Juicing an apple is the process of extracting the liquid contents from the fruit’s flesh while removing the skin and pulp. The resulting juice contains many of the apple’s nutrients and bioactive compounds like vitamins, minerals, and antioxidants. Drinking apple juice can provide several potential health benefits, but also contains high amounts of natural sugar without the fiber found in a whole apple. This article explores what juicing an apple does in terms of nutrition, health effects, and best practices if you want to try juicing.
Nutritional Differences Between Whole Apples and Apple Juice
Juicing an apple removes the peel, pulp, and fibrous material, leaving only the liquid contents behind. This changes the nutrition profile compared to eating a whole apple:
- Fiber – A whole medium apple with skin contains 4.4 grams of fiber, while apple juice has essentially no fiber content.
- Sugar – A 248 gram apple contains 19.9 grams of sugar. 248 mL (1 cup) of apple juice contains 25.9 grams of sugar.
- Vitamin C – Apples are rich in vitamin C with 14% DV in a medium fruit. The juice has 11% DV vitamin C in a 1 cup serving.
- Potassium – A whole apple provides 195 mg potassium. 1 cup of juice has 308 mg potassium.
- Calories – A medium apple has 95 calories, while 248 mL of juice contains 114 calories.
As you can see, juicing removes the beneficial fiber while concentrating the natural sugars and some vitamins. The main drawback of juicing is the loss of pulp and skin, which provide bulk and nutrients.
Health Effects of Apple Juice
Drinking apple juice can provide the following health benefits:
- Antioxidants – Apples contain polyphenol antioxidants like quercetin, catechin, phloridzin, and chlorogenic acid. These compounds can help reduce oxidative stress and inflammation in the body.
- Blood sugar regulation – Polyphenols in apple juice may help inhibit digestive enzymes that break down carbs, slowing sugar absorption.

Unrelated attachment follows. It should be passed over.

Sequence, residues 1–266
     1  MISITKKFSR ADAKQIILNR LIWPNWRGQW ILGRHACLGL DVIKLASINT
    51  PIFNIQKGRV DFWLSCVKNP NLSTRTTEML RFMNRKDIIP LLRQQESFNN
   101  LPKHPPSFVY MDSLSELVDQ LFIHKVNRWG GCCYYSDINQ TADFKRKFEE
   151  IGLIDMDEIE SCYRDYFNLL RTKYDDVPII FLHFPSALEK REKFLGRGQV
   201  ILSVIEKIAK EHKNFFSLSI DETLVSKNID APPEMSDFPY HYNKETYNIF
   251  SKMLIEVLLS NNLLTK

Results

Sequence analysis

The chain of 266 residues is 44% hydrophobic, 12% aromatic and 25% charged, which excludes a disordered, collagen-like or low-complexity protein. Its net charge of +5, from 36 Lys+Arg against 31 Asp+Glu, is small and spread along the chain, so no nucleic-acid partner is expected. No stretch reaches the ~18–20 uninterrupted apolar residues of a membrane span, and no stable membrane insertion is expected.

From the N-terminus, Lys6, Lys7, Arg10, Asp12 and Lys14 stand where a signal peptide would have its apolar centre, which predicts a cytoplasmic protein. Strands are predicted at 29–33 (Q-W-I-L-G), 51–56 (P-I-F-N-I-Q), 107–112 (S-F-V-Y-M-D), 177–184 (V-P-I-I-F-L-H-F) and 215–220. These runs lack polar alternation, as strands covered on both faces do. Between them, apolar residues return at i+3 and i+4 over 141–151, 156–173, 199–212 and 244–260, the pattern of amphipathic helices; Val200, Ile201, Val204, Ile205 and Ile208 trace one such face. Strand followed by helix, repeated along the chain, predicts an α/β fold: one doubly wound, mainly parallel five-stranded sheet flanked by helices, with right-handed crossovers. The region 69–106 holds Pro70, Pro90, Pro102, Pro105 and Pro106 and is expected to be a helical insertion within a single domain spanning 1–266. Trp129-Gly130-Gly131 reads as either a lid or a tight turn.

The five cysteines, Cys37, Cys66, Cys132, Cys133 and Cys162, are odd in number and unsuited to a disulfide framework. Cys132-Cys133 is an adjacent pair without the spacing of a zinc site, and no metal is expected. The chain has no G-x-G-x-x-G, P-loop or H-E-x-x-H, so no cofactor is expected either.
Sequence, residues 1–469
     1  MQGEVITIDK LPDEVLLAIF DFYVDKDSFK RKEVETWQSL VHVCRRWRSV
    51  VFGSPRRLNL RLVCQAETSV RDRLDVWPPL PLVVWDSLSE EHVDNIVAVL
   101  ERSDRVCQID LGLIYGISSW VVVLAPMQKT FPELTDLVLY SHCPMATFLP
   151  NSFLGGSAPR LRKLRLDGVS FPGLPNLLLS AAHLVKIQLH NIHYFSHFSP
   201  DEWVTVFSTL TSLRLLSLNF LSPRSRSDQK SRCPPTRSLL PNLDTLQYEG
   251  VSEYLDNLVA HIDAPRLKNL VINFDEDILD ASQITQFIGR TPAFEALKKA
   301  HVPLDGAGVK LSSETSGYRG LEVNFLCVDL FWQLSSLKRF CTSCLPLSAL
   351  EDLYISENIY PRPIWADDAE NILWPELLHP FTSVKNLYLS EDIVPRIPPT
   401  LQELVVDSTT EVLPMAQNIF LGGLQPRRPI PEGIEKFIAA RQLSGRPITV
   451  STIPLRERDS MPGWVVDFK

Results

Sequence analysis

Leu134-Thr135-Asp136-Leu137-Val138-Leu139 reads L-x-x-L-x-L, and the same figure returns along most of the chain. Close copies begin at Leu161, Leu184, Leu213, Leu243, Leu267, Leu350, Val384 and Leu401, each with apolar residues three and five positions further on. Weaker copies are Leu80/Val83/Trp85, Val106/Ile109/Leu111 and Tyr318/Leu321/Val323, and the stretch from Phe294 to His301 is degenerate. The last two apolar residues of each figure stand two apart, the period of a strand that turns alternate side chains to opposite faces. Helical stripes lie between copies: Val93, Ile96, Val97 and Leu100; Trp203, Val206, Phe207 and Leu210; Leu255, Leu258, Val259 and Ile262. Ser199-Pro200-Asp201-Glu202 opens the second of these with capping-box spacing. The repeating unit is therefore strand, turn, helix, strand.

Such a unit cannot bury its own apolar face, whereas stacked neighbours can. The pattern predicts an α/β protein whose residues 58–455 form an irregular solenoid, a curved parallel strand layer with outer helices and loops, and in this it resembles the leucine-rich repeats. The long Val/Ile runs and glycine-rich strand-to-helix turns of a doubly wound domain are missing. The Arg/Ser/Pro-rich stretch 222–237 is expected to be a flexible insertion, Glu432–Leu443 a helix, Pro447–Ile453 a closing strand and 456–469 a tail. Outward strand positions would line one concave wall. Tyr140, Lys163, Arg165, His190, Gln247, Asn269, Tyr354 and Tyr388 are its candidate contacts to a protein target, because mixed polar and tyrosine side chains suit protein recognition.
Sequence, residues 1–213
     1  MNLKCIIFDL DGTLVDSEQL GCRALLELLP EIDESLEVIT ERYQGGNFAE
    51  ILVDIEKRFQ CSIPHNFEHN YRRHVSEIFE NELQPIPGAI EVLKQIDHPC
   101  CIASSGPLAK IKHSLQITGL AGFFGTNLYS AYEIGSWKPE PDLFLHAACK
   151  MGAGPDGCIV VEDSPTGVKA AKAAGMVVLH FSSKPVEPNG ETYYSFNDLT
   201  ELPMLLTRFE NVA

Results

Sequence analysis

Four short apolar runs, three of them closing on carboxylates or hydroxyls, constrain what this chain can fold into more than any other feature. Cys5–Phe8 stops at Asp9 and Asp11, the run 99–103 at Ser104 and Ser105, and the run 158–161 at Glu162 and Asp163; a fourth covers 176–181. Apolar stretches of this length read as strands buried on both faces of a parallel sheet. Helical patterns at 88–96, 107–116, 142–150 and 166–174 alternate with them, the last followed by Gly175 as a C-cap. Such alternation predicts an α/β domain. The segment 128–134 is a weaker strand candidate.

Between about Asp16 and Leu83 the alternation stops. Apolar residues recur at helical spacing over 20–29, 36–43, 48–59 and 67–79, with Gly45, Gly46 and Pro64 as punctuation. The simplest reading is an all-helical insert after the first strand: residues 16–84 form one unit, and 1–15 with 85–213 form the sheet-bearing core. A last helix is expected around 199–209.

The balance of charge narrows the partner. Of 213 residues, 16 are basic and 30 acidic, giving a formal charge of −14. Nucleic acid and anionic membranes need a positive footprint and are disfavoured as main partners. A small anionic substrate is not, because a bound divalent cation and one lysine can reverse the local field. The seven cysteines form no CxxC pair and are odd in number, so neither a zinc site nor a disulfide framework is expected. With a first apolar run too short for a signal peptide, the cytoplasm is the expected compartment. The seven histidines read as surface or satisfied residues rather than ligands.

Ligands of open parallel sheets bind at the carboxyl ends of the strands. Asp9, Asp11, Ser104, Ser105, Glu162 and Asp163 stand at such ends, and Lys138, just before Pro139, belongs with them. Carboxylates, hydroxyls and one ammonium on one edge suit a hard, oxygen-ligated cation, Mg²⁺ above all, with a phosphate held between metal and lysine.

- Heart health – The polyphenols in apple juice may also protect LDL cholesterol from oxidation and lower blood pressure.
- Anti-cancer effects – Apple polyphenols have been shown to reduce growth and spread of certain cancer cells in vitro and animal studies.
However, apple juice is high in natural sugar with little fiber content. Drinking too much can negatively impact blood sugar levels and dental health. It’s best to limit intake and consume whole fruits more often.
Best Practices for Juicing Apples
Here are some tips to get the most nutrition and flavor when making fresh apple juice:
- Use a combination of apple varieties like Fuji, Gala, and Granny Smith for more complexity.
- Juice apples with skins on to retain fiber and polyphenols.
- Add lemon, ginger, carrots, or beet to increase nutrition and taste.
- Drink juice immediately after making for highest vitamin content.
- Store leftover juice in air-tight container in fridge for up to 3 days.
- Consider diluting with water to reduce sugar content.
Nutrition Facts of Apple Juice vs. Whole Apple
This table compares the vitamin, mineral, and macronutrient profiles of apple juice versus a whole medium apple with skin.
|1 Cup Apple Juice (248mL)
|1 Medium Apple (182g)
Potential Downsides of Apple Juice
Despite the possible health benefits, drinking apple juice comes with some downsides:
- High sugar, low fiber – Too much can spike blood sugar and may contribute to weight gain.
- Tooth decay – The sugar can erode tooth enamel over time.
- Lacks nutrients from skin and flesh – Juicing removes beneficial fiber and polyphenols.
- Oxalates – Apples contain oxalates that can contribute to kidney stones for those prone to them.
- Drinking calories – Liquid calories from juice don’t provide the satiety of whole fruits and vegetables.
For these reasons, it’s best to enjoy apple juice in moderation as part of an overall healthy diet focused on whole foods.
The Bottom Line
Juicing an apple provides several nutrients like vitamin C, potassium, and polyphenol antioxidants. Drinking small amounts of fresh apple juice can benefit heart health, blood sugar regulation, and inflammation. However, juicing removes the fiber and concentrates the natural sugar content. Overdoing apple juice can negatively impact dental health and blood sugar control for some people. Enjoy apple juice in moderation along with whole fruits and vegetables for the best nutrition.